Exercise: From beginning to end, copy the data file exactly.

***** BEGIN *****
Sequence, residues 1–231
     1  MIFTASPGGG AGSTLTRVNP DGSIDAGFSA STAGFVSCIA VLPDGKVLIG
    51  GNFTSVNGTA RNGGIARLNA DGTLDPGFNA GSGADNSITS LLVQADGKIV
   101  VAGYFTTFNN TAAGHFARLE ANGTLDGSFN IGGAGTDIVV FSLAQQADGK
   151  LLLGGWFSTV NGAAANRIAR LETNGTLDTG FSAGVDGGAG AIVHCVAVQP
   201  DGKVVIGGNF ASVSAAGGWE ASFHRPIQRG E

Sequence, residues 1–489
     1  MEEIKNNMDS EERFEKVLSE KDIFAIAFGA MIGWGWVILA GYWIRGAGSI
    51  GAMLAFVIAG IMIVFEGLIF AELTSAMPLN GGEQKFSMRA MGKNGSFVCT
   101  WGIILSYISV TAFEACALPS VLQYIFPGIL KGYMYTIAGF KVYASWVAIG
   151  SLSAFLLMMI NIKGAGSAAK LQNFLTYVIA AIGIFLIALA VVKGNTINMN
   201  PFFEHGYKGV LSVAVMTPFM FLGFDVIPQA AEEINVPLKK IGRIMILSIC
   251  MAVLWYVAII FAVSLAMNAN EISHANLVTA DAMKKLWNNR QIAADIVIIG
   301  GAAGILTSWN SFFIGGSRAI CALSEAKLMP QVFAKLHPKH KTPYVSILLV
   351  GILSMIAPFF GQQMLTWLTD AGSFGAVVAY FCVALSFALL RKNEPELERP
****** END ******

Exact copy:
Sequence, residues 1–231
     1  MIFTASPGGG AGSTLTRVNP DGSIDAGFSA STAGFVSCIA VLPDGKVLIG
    51  GNFTSVNGTA RNGGIARLNA DGTLDPGFNA GSGADNSITS LLVQADGKIV
   101  VAGYFTTFNN TAAGHFARLE ANGTLDGSFN IGGAGTDIVV FSLAQQADGK
   151  LLLGGWFSTV NGAAANRIAR LETNGTLDTG FSAGVDGGAG AIVHCVAVQP
   201  DGKVVIGGNF ASVSAAGGWE ASFHRPIQRG E

Sequence, residues 1–489
     1  MEEIKNNMDS EERFEKVLSE KDIFAIAFGA MIGWGWVILA GYWIRGAGSI
    51  GAMLAFVIAG IMIVFEGLIF AELTSAMPLN GGEQKFSMRA MGKNGSFVCT
   101  WGIILSYISV TAFEACALPS VLQYIFPGIL KGYMYTIAGF KVYASWVAIG
   151  SLSAFLLMMI NIKGAGSAAK LQNFLTYVIA AIGIFLIALA VVKGNTINMN
   201  PFFEHGYKGV LSVAVMTPFM FLGFDVIPQA AEEINVPLKK IGRIMILSIC
   251  MAVLWYVAII FAVSLAMNAN EISHANLVTA DAMKKLWNNR QIAADIVIIG
   301  GAAGILTSWN SFFIGGSRAI CALSEAKLMP QVFAKLHPKH KTPYVSILLV
   351  GILSMIAPFF GQQMLTWLTD AGSFGAVVAY FCVALSFALL RKNEPELERP